President Zuma’s poor leadership has resulted in economic chaos in the South Africa. In 2015, Zuma fired finance minister Nhlanhla Nene out of the blue, amid speculation that Nene’s commitment to reducing government spending was interfering with the presidency’s functioning. Following Nene’s dismissal, the rand plummeted and bond yields dropped to the lowest ever. After briefly appointing previously unknown Des Van Rooyen to the position for the total of four days, the executive re-installed Pravin Gordhan as Finance Minister just in time to stabilize the markets before the situation spiraled out of control. But Minister Gordhan has made it clear that he will not bend to the will of the presidency, and the National Prosecuting Authority (NPA) – which has been described as a ‘lap dog’ of the regime – laid criminal charges against him.
When public prosecutor Thuli Madonsela was approached to investigate “state capture”, there is no doubt that the news had Zuma and his cronies shaking in their boots. The report, which remains locked in the safe of the new public prosecutor Busisiwe Mkwebane after Zuma sought an injunction to block its release, will likely remain dormant long enough for the Guptas to legally prepare themselves for its outcome. The extent of “state capture” and party patronage in South Africa is yet unknown, but if the past ten years is anything to go by, the rot is far-reaching.
South Africa’s decision to leave the ICC is merely the tip of the iceberg of a deeply entrenched culture of impunity that is rampant in the ruling ANC. It is also indicative of a dangerous trend that is becoming increasingly common in South Africa – a bloated executive unduly exerting its authority over the judiciary and the legislature. In Burundi, the motion to leave the ICC was tabled in parliament for a vote before the decision was made. In South Africa, there was no public consultation and parliament – which is required to vote on ratifying all international treaties – had no opportunity to discuss this drastic move. Opposition parties, the Democratic Alliance (DA), the Economic Freedom Fighters (EFF), and the Inkatha Freedom Party (IFP) have responded to the decision with outrage, focused mainly on the procedural flaws with which the decision was made. While there is widespread concern among civil society actors over the implications of South Africa’s ICC withdrawal, the majority of responses are focused on the domestic implications and not the repercussions for the court or for international justice on the continent.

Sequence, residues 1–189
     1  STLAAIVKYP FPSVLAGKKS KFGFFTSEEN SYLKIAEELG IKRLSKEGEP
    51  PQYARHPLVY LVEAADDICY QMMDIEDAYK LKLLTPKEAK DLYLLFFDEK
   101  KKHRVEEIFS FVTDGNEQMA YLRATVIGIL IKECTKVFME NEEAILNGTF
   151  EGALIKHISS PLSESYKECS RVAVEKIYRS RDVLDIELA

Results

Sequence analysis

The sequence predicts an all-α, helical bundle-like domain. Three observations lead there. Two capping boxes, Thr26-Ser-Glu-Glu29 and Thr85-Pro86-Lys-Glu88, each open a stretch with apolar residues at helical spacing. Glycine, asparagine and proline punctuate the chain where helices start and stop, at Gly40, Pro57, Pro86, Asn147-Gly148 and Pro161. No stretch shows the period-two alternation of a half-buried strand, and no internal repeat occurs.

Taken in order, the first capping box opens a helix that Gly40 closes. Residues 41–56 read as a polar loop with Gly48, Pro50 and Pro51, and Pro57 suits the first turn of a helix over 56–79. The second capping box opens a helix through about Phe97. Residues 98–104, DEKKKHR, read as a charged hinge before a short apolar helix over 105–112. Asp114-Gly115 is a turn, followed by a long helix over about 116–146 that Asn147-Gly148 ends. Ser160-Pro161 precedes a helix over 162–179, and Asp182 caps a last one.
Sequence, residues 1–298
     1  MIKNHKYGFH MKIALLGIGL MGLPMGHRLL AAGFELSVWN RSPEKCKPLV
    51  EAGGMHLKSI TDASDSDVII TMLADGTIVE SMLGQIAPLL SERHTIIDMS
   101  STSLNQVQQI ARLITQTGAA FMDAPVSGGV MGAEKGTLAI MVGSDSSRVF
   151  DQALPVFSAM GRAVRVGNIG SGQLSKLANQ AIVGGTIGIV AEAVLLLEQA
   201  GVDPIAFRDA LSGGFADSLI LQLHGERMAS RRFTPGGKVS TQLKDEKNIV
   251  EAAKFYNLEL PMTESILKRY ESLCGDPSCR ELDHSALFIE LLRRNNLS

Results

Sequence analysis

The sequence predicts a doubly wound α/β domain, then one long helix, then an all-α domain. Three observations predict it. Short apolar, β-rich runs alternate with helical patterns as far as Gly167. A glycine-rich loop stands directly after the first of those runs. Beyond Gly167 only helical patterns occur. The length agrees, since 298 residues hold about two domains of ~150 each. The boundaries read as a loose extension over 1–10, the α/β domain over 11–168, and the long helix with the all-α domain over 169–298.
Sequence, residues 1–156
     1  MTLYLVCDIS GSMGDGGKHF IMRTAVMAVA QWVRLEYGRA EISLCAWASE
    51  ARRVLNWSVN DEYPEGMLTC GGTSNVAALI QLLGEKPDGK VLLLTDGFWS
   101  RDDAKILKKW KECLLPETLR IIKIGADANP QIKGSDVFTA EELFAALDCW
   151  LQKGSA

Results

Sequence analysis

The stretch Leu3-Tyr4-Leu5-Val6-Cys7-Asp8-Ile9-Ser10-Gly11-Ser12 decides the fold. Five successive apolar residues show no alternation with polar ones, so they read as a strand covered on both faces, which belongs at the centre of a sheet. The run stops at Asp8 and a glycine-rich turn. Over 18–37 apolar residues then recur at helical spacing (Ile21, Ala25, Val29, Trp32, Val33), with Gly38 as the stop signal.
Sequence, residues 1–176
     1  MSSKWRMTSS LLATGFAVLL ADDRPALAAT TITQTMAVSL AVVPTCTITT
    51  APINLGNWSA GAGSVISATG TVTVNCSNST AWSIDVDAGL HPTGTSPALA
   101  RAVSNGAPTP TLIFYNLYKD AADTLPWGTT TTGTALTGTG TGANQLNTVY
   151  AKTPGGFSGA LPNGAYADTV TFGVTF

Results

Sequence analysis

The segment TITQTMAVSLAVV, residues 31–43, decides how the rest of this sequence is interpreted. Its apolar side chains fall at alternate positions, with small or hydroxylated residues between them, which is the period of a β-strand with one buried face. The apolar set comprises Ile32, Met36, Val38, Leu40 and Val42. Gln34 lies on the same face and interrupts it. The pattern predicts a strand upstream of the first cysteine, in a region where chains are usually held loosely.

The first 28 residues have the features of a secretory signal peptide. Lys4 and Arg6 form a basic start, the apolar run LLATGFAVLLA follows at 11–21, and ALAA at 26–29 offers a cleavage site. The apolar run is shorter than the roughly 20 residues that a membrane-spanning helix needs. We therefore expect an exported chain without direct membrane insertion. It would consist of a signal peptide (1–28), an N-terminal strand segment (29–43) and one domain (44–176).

Perhaps one of the most telling things about South Africa’s withdrawal from the ICC is the explanation given in the official “instrument” submitted to the UN: that South Africa was “at times” unable to reconcile its “obligations to the peaceful resolution of conflicts” and its obligations to the ICC. As a country founded on a deep commitment to human rights with unparalleled struggle history against its former apartheid government, South Africa has the potential to play a strategic role in upholding democracy and rule of law on the continent. But to date, the country has failed to take advantage of its comparative advantage in this area, perhaps most notably in neighboring Zimbabwe. The truth is that President Zuma is well known for his desire to keep the “old boys club” of liberation struggle heroes-cum-dictators happy, and is more than willing to maintain certain regional relationships at the expense of international justice. Rising social discontent in South Africa combined with the waning popularity of the ANC make now as good a time as ever for President Zuma to raise a fist of solidarity to the African strong men lining up to leave the ICC.
Chloë McGrath is a Visiting Fellow at the Atlantic Council’s Africa Center. Follow her on twitter @malawicoffee